Mika - Thanks for the post. I always enjoy an objective review from other car guys. I tend to agree with mooty on the power issue. After driving a new 987S and 997 back to back on the same road with the same respect for their green engines I found the 997 felt only marginally faster than the 987S. The Cayman S once broken in really opens up at 5,000 rpm so there is more power there than you experienced. The good old butt dyno we all use can be deceiving. A car that initially pushes you back in the seat may feel faster than a car with more linear power but the latter car may actually be quicker. Unless you are racing, I find the feel of power to be more important than actual speed. If you prefer the feel of the Carrera but the handling of the Cayman, you have a tough choice.


Starting with a clean slate, the Cayman was an easy choice for me over the Carrera. If I already owned the Carrera the decision gets more difficult. While I agree with the others that you have already taken a major hit on the 911 and it seems sensible to get some more use out of it before moving to a Cayman, there is another side to the coin. You can make an even swap now but next year your 911 will be worth less and the Cayman could see a price increase so it will probably cost you money out of pocket to make the move. I assume Porsche will make improvements to the Cayman so you will get a slightly better car for your money if you wait.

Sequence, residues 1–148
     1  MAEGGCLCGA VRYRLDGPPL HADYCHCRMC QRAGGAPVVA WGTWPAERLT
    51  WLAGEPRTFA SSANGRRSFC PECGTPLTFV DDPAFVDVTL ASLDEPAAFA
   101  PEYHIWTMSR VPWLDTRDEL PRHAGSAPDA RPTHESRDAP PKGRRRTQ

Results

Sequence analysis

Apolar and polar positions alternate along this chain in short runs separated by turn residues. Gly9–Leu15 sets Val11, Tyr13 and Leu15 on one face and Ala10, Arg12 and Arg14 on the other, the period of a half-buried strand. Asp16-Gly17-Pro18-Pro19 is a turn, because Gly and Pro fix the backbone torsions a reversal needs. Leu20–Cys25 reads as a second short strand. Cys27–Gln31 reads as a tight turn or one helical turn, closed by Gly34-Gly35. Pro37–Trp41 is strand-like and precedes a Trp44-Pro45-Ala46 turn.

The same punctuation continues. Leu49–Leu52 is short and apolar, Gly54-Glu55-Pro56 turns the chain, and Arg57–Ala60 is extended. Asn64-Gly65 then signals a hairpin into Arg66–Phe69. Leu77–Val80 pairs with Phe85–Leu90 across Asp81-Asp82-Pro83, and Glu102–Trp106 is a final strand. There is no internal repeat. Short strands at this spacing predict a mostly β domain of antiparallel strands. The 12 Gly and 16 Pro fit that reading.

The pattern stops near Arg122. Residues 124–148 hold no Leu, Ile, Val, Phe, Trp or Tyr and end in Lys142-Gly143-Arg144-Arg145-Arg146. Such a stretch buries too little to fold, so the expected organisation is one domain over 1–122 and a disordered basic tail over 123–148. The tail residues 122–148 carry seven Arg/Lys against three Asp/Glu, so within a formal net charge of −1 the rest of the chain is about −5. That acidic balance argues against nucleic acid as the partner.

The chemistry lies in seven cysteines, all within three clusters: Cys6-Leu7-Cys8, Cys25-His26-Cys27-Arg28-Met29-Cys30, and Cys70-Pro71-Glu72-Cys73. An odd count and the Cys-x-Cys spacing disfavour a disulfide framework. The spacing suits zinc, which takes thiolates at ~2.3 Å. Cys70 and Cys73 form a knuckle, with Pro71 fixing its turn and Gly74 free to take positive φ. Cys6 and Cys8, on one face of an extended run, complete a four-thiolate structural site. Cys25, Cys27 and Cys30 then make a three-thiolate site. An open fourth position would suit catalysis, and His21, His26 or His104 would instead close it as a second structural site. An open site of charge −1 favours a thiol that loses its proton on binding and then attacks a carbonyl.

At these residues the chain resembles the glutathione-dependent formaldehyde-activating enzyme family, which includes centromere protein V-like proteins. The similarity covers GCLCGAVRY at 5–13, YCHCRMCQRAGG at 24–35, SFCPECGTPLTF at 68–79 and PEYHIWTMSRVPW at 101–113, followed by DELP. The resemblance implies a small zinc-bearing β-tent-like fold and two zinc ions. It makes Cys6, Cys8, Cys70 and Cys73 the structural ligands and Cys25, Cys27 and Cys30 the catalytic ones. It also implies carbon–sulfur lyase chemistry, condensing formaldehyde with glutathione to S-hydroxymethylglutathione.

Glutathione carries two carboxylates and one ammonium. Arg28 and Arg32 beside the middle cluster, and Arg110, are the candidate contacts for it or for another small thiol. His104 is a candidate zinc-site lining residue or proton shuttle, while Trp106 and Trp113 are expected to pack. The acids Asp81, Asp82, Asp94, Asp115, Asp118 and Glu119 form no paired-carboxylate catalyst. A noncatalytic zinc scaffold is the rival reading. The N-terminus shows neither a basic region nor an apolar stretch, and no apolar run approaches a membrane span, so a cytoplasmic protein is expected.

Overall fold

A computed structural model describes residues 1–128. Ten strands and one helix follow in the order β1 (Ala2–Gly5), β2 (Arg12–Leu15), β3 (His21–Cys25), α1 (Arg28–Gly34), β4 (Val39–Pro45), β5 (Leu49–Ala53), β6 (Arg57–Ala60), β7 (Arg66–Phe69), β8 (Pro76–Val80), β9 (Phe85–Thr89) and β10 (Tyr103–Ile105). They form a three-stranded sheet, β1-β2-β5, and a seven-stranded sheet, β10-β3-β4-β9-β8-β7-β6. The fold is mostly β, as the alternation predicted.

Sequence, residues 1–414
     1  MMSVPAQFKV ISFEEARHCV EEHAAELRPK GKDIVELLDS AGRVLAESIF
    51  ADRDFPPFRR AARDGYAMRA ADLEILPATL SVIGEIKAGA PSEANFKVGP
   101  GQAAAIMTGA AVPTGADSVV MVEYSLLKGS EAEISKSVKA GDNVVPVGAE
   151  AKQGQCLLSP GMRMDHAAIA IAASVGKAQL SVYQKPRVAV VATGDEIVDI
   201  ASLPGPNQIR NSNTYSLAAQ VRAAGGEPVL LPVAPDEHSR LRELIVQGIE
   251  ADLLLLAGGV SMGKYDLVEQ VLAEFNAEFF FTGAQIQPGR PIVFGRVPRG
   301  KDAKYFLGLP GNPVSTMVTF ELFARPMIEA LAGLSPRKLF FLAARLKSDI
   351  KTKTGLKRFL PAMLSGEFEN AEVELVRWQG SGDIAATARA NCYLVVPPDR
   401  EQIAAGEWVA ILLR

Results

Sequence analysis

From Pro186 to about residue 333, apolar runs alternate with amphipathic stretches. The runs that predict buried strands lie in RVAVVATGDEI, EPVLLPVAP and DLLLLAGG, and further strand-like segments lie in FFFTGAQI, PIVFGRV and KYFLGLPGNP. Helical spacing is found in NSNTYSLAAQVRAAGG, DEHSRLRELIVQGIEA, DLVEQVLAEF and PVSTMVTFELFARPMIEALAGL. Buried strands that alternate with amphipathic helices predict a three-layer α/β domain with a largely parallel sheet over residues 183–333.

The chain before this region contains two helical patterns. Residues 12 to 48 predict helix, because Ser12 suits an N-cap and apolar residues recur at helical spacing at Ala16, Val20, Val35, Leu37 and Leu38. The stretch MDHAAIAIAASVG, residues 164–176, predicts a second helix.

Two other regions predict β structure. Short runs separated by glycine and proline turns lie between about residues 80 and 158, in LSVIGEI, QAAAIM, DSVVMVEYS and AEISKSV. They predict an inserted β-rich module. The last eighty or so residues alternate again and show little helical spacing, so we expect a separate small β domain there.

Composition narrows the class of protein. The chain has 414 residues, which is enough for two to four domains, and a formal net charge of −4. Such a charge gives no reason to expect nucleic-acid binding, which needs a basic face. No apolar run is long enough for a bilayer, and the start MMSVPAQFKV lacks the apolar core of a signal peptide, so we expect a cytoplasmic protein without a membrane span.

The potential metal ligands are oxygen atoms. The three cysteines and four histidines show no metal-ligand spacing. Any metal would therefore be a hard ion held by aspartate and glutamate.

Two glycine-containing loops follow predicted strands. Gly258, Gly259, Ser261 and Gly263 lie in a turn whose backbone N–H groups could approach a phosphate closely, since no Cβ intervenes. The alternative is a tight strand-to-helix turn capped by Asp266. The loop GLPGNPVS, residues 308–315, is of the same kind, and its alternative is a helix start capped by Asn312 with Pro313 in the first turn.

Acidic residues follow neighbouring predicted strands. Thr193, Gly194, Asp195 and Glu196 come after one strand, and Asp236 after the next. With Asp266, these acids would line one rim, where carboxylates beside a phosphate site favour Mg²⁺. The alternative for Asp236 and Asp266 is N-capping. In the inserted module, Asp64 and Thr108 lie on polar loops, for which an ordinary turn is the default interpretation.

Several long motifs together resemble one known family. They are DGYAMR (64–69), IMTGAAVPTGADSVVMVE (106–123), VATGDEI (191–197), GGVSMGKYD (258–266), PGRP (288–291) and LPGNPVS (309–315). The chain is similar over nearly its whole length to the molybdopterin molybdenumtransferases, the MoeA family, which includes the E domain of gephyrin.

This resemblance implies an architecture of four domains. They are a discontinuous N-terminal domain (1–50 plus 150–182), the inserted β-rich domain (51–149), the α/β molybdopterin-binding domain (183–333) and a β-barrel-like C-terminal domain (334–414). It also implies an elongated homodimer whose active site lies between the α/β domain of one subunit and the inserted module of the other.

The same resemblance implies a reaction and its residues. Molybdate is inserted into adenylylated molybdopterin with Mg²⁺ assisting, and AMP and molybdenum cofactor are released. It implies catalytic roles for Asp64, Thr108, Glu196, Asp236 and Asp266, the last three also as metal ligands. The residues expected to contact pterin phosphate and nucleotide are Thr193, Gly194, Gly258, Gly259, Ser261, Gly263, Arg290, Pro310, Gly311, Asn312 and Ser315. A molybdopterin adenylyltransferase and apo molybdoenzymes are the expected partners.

Good luck with your decision. Everyone should have such problems.


Alan
 

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Mika, not being able to take the engine past 5200 means you're missing the best bit of the rev range in the Cayman, the Cayman can feel a bit flat below 4500 revs compared to the 997. Porsche have lengthened the first two gears to make sure the Cayman doesn't tread on the 997 toes in 0-60 and -100 times and they have also kept the power in the upper end of the rev range to ensure the 911's performance. The 997 only manages 0-125 one second quicker than the Cayman in a straight line drag race.





You really need to drive a car where you can use all the revs, it feels like a differernt car when you do, below 4500 the Cayman feels to close to the Boxster. The engine is designed to revfreely in the Cayman, that's the main difference betweenit and the Boxster.
 

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Discussion Starter #17
Awesome feedback guys, I really appreciate everyone's thoughts on this.


I've always been one to sleep on things before making a big decision, because usually the next morning brings clarity. Not the case though this time. I'm still torn on what I'm going to do.


I realized overnight something that was also mentioned on an above post that the Cayman I drove has yet to be broken in. I remember a distinct character change in my 997 when I reached around 900 miles. The car seemed to 'wake up'. Even though I was maintaining revs below 4200-4500rpm, the car's responsiveness stepped up a good notch. I have no doubt that the Cayman would be similar. So yes, I'm sure the test drive yesterday was a bit deceptive.